Sunday, July 26, 2009

Why We Trade Artist Cards- A Hobby Handed Down From the Past

From Baseball Cards to Garbage Pail Kids
When I was a child, the boys traded baseball cards and the girls collected Cabbage Patch Kids Dolls. Then this gross little card called Garbage Pail Kids came along and suddenly both boys and girls traded them. They came with stickers, too! We had them on our school books, stuck inside of our lockers and plastered on our bicycles. I remember how serious some kids were about them. Collecting every card in the series. Keeping them stored in plastic sleeves in a three ring binder. The same way that baseball cards are collected and the same way that some people store their collected art cards. All this done in the hopes that they would someday be worth something. We already know that there is value in a baseball card, especially if you own a rare one. Garbage Pail Kids can be found at Ebay. So, were they worth saving? Whether or not the cards ended up retaining or gaining in value, the point of collecting is because it is fun. So be it with Art Cards and ACEO. However, since you are able to collect both Art Cards and ACEO that are original pieces, the value is definately worth more than a Garbage Pail Kid Card.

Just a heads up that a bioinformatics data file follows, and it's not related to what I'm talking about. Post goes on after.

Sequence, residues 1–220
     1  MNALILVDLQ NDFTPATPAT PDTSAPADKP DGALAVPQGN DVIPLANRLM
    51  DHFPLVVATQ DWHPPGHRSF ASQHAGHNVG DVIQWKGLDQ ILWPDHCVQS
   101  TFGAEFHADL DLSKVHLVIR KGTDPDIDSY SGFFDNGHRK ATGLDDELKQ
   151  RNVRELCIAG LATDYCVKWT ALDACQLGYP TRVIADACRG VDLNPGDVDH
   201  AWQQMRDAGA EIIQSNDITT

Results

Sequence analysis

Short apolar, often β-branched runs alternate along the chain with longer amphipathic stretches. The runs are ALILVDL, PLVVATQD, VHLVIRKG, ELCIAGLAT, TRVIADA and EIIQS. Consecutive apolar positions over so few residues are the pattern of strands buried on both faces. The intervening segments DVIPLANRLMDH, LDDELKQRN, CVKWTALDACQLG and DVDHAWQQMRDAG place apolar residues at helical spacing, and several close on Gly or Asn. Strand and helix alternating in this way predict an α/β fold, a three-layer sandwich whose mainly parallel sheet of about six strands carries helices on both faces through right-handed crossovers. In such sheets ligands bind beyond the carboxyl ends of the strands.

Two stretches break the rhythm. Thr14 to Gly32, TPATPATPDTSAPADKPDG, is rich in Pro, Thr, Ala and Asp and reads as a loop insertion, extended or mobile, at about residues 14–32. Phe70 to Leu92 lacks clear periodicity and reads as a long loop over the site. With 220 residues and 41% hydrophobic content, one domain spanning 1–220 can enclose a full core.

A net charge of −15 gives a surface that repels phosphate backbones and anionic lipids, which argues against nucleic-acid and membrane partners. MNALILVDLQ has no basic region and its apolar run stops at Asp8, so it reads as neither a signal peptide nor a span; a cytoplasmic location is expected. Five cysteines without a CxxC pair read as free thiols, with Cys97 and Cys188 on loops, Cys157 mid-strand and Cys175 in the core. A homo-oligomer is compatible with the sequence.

How Trading Cards Got Their Start

In the 1700's, the people in France and England realized that they could advertise on playing cards. Playing cards then became little works of art in their own right. The Impressionists traded their own artist cards for art supplies, food and even room and board. They were even known to sell them for money. In the 1800's, baseball cards were developed and it wasn't until later that the trading card size was standardized to that of a playing card. 2-1/2 inches x 3 1/2 inches.

If you grew up in the 50s you may remember how many parents played cards on set nights of the week. They played Bridge, Canasta, Poker, Gin, to name a few. It was a way to socialize. First at one family's house and the next week at another. The playing cards that they used often had different pictures on the backsides. Horses, sailboats, landscapes, dogs, etc. Kids used spare cards to build houses out of cards and they also traded off the different cards with their friends. It was the rage before Garbage Pail Kids.

So is it so unusual that we, after generation and generation of card traders, should be surprised that Art Cards are such a great and popular hobby? Not at all. Baseball cards are still extremely popular and there is a great following and many books and other games developed after a simple card called Pokemon! Collecting ATC and ACEO is a hobby that will maintain itself for years to come since it is open to all ages and people of skill level. It allows you to meet new people and develop your art skills. Trading Artists Cards is a keeper of a hobby! Be glad you are an enthusiast!

Do you draw and paint your own ACEO? ACEO has become one of the hottest selling collectibles on the internet. Arm yourself with knowledge critical for selling ACEO and other fine art.
Let Colin Ruffel show you how with his ebook.
You, too, can sell more art!

1 comment:

  1. I have 500 - 600 of atcs in my collection I really love them